So I know already that I’m probably gonna catch some grief over this one. I can hear it already.
“Patient advocate are ya?” or “Best patient care possible, no matter what is it?”. I can hear the jabs coming already. Go ahead…I’m a big boy, I can take it.
Seems that these days everybody is up in arms over the whole “socialized medicine” thing and how it’s gonna kill grandma or people will be left dying in the streets waiting for some elective surgical procedure. Seriously people, get a grip. If we were not so caught up on ourselves being a nation of “I want it NOW!!”, we’d be storming the capitol steps demanding a European styled medicine system. If we were not so lawsuit happy and ready to take every doctors lake house and Porsche just because they won’t give us our next opiate fix, maybe we could tell the truth to the system abusers. Maybe then we could get down to the business of getting diseases cured and that other important stuff like fixing acute and emergent problems instead of waiting for a simple cold to turn into pneumonia that exacerbates your emphysema from smoking two packs of cigarettes a day for thirty years and now has you knocking on deaths door.
So…what brings this about? Glad you asked.
We get a call the other morning…at 0330, you know the ones. Nauseous and vomiting, needs transported to the ER. Usually not too big of a problem. I don’t mind so much going out and BLSing in a call like this, as aggravating as it may be, but with six to ten inches of snow on the ground and a sheet of ice on top of that for good measure; not too happy about this.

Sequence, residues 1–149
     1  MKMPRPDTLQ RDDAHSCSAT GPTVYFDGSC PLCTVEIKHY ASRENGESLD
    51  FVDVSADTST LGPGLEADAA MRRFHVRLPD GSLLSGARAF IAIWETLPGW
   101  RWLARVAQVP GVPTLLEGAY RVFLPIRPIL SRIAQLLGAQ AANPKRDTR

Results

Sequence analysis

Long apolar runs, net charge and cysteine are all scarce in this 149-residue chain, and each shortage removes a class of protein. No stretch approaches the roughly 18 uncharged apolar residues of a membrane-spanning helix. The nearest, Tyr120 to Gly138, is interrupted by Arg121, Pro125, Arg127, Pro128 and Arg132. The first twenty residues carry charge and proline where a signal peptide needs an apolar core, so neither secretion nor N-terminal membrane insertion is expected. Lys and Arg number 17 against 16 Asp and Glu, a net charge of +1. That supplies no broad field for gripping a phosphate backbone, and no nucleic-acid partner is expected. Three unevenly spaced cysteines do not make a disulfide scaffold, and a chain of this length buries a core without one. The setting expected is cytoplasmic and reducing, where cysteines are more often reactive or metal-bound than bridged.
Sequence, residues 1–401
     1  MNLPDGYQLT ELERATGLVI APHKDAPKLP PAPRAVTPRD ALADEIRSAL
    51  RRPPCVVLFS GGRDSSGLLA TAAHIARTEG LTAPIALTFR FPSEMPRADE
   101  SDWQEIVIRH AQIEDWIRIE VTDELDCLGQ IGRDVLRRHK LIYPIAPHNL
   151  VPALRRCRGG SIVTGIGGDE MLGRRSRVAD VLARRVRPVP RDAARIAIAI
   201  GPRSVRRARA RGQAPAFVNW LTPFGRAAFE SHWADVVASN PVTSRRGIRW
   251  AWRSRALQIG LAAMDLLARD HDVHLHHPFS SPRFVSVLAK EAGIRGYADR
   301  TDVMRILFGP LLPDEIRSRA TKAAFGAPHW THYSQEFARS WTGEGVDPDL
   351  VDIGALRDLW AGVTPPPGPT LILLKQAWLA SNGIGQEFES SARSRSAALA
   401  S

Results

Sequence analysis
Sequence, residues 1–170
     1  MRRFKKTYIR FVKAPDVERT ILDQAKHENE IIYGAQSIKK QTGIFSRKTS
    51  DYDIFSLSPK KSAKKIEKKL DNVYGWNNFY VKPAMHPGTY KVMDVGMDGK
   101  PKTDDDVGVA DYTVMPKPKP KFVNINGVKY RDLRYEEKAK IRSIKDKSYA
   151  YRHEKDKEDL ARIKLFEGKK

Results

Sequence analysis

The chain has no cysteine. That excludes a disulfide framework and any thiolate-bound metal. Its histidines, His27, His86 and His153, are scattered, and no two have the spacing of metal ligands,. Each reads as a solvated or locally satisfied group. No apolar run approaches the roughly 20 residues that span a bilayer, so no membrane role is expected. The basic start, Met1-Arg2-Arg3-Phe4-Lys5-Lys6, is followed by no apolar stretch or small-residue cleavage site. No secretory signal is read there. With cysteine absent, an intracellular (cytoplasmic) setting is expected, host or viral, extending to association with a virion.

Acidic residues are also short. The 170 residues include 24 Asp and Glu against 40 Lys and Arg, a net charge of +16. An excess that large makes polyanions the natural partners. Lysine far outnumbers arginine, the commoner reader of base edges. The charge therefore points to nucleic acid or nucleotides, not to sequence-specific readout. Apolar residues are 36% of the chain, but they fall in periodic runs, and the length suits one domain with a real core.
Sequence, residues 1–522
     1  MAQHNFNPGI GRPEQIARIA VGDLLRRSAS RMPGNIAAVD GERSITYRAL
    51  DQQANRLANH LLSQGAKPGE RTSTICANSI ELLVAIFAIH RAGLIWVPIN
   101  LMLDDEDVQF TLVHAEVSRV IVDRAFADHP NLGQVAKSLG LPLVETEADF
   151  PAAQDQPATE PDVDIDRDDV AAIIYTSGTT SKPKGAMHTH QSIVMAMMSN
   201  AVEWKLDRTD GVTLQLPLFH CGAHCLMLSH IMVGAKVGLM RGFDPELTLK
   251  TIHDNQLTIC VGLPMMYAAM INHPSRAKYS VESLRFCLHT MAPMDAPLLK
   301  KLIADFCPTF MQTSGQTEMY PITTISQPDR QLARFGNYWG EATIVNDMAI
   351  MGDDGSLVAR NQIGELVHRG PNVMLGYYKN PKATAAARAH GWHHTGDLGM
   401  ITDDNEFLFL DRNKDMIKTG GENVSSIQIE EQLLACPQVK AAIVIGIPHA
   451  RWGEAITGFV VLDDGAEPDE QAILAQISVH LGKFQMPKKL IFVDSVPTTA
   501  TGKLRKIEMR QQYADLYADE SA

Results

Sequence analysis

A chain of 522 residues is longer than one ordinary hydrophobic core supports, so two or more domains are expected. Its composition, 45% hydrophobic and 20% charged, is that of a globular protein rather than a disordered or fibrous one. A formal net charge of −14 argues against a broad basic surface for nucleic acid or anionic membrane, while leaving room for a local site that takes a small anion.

My partner and I (not my usual partner…whole ‘nother story) head out to an outlying subdivision a couple of miles outside the city limits. We turn off the main road which is treacherous enough as it is with ice and packed snow, onto the street where the sick person who is vomiting lives. Now the emergency is over, reds ‘n’ whites off and scene lights on so I can see house numbers.
We’re perusing the neighborhood when dispatch calls our truck on the radio. Now I know we haven’t passed the house because I’m watching house numbers you see. Surely to god this isn’t gonna be one of those calls where the patient just stopped breathing…it’s happened! Lucky us. They just wanted to let us know that the caller called back to let us know that the patient is “vomiting violently”. Violent vomiting you say? Right. Exercising the demons is probably more like it.
I start thinking about my course of action. As long as it’s not a poisoning or an overdose, she’s getting 12.5mg promethazine, maybe 25mg if she’s a good actor and a biobag minus the in-flight movie.
We pull up in front of the house and I immediately know why we are there. In front of their cutesy little house sits a snow-covered car surrounded by a yard and driveway covered with maybe six inches of snow…and not flake has been disturbed.
I back in while signing on scene. Grab my jumpbag and begin the trudge to the front door, all the while feeling a little bad for disrupting the pristine picture perfect scene worthy of a Thomas Kincade rendition.
I’m greeted at the front door by a rail-thin man clad only in his matching gray thermal long underwear. He begins to hurriedly tell me that his wife has been sick for the past three days and has been throwing up ALL night. “She’s thrown up so much there’s nothing left to throw up”, he tells me as he leads me to the hyperemetic patient. I guess where I’m at two plus two don’t equal four, because nothing left to throw up and violently vomiting isn’t working for me.
I reach the back bedroom(of course) after winding my way through, around and over the clutter strown about the house, to the sight of a 250lb plus lady sitting on the edge of the bed with a trash can between her knees.
“Hey, what seems to be the problem?”, I ask.
“I’ve got diverticulitis” she answers.
“How long has this been going on, the vomiting that is?” I asked trying to find my route of possible treatments.
“About three days” she says flatly. **Note for record…It only snowed YESTERDAY!!**
I look into the trash can between her legs and see that she has produced some content, not a lot and nothing particularly concerning with the appearance. So I continue on with checking vitals and my interview, feeling the situation out. Then I finally get to the question that we all love to ask, just hoping to make the patient realize what a turd they are for calling at this time of morning for this,